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Monday, March 11, 2013

Dallas 2.8: The Death of J. R.

Dallas 2.8 put in a powerful show tonight on the death and funeral of J. R. Ewing, which brought a tear or two to even these cynical eyes.  That's no doubt because J. R.'s death as a development in the narrative was mandated by the sudden death of Larry Hagman last November, so the end of J. R. was more than the end of an iconic character.   The real death of Larry Hagman is also no doubt what brought out great performances from Linda Gray as Sue Ellen and Patrick Duffy as Bobby.  They were grieving for their close friend and colleague, whose fine work was crucial in propelling all three to decades of fame.

But the narrative tonight was also well written.  Most effective was the impact of J. R.'s death on Bobby.  When Annie asks him to talk to her, to share his feelings with her, he lashes out about how she never told him anything about her life, in particular, that she had a daughter.   It's clear that what Bobby is really upset about is how J. R. left Bobby out of J. R.'s most inner wheelings and dealings for years.  Patrick Duffy puts in another fine performance here, as does Brenda Strong as Ann.

Sue Ellen, predictably but powerfully, is driven to drink by J. R.'s death.  When she reads J. R.'s letter which asks her for one more chance, there's again a connection to a deeper reality - the producers of Dallas, I hear, were seriously thinking of getting J. R. and Sue Ellen back together, which would have been satisfying in a decades-long way.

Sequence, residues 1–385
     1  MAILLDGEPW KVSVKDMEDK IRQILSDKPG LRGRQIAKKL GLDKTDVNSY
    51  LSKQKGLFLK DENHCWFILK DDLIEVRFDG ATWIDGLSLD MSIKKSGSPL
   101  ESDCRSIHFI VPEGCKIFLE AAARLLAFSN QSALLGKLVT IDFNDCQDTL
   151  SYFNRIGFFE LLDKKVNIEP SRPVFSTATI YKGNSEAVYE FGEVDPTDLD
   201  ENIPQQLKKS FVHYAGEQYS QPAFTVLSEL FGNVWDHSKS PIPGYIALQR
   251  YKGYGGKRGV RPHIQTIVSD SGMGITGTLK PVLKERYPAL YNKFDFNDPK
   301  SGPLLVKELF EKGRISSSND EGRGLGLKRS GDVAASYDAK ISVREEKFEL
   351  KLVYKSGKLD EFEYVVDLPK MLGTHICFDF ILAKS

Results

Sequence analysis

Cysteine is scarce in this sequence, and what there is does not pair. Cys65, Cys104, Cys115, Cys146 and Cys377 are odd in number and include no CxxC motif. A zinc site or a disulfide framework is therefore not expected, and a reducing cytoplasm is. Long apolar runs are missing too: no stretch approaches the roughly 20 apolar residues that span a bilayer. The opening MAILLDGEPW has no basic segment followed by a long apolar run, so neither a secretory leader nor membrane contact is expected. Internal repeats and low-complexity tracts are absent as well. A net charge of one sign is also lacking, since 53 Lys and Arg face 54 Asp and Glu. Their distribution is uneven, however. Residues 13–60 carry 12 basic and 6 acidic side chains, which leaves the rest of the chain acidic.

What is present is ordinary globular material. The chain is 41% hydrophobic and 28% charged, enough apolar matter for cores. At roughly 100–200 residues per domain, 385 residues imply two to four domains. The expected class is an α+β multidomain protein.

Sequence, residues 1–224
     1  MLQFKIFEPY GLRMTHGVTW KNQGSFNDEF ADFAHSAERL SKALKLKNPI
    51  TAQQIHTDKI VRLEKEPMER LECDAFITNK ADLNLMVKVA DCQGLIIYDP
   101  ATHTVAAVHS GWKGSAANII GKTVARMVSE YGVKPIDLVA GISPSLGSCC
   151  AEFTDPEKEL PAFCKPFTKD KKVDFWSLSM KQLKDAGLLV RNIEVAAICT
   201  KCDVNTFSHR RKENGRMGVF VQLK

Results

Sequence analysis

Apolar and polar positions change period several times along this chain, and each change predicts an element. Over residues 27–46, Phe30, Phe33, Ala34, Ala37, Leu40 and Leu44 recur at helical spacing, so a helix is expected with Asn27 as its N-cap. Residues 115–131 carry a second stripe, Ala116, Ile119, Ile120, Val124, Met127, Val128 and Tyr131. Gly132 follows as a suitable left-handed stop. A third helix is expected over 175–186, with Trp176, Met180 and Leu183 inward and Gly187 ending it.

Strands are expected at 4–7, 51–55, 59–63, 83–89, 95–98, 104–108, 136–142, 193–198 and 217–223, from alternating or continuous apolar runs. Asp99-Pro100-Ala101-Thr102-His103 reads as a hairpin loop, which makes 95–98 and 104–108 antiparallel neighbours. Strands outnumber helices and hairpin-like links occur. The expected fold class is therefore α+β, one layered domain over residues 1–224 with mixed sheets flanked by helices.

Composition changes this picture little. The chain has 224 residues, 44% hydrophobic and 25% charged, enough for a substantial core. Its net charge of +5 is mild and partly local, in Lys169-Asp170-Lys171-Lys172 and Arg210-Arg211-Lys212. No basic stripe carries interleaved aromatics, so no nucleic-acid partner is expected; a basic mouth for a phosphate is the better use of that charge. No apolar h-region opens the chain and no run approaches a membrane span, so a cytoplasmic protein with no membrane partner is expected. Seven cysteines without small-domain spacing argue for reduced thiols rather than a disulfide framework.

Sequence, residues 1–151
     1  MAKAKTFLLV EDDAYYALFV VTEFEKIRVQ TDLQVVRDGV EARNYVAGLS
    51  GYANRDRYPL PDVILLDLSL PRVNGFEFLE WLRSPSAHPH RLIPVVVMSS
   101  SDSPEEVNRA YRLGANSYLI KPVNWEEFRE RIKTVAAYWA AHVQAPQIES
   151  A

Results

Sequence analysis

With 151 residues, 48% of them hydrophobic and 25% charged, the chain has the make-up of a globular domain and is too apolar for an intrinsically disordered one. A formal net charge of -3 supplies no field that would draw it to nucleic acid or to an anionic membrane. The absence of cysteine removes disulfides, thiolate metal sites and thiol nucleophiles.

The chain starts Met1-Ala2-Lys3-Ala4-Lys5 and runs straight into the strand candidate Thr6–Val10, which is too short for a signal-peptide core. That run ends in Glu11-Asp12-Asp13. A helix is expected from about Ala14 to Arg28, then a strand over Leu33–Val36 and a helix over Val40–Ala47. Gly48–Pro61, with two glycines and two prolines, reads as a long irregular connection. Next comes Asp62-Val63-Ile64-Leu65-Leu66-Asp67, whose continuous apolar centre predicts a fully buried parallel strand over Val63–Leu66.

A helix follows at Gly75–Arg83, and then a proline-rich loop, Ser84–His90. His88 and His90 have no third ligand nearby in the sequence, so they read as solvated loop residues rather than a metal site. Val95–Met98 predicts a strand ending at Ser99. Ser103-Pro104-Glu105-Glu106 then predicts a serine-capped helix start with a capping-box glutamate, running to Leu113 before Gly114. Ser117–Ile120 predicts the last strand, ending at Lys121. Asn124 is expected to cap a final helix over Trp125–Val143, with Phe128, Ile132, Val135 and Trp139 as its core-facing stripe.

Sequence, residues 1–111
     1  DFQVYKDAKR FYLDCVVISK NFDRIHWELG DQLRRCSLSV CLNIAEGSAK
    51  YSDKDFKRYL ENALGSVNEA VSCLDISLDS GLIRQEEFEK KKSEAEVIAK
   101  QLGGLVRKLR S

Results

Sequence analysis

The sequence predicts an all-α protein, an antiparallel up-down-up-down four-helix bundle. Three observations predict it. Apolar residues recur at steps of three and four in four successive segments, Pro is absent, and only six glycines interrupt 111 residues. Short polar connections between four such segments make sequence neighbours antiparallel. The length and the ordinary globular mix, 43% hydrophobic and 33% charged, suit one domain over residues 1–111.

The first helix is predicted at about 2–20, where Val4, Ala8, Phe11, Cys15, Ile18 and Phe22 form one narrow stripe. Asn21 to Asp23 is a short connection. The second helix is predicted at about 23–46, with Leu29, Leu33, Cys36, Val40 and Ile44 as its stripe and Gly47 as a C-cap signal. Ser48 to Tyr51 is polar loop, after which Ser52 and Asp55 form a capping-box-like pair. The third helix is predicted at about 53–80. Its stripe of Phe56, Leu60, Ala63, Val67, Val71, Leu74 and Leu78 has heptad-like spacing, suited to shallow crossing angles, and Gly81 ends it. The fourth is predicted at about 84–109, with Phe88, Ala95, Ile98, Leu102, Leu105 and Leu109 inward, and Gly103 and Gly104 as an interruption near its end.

Bobby won't be left out of finding out who killed J. R., because J. R. left Bobby a letter to get him started.  Tonight, J. R. leaves John Ross and Christopher out in the cold, as J. R. did so often to Bobby, but it's likely that that won't last too long.

Ray, Lucy, another J. R. wife, and one his mistresses were back tonight too, which added some good nostalgic depth to the episode.   Gary came home last week and was on again tonight.  He'll likely continue on the show, which is good.  I enjoyed Dallas last year, and I'm betting the show would have gotten even better had Larry Hagman and therefore J. R. lived.  But there's no doubt that J. R.'s murder has jumpstarted the revived series to a new, higher level, not least because it retrieves the classic "who shot J. R." motif from the original series.   So the new series will likely be better, at least this year, because of J. R.'s death.  But I'm still feeling bad that it had to take the death of Larry Hagman to do this.   Rest in peace, you created a character who will live on long after you.

And see also The New Dallas: An Outright Pleasure and New Dallas One Season One Evaluation

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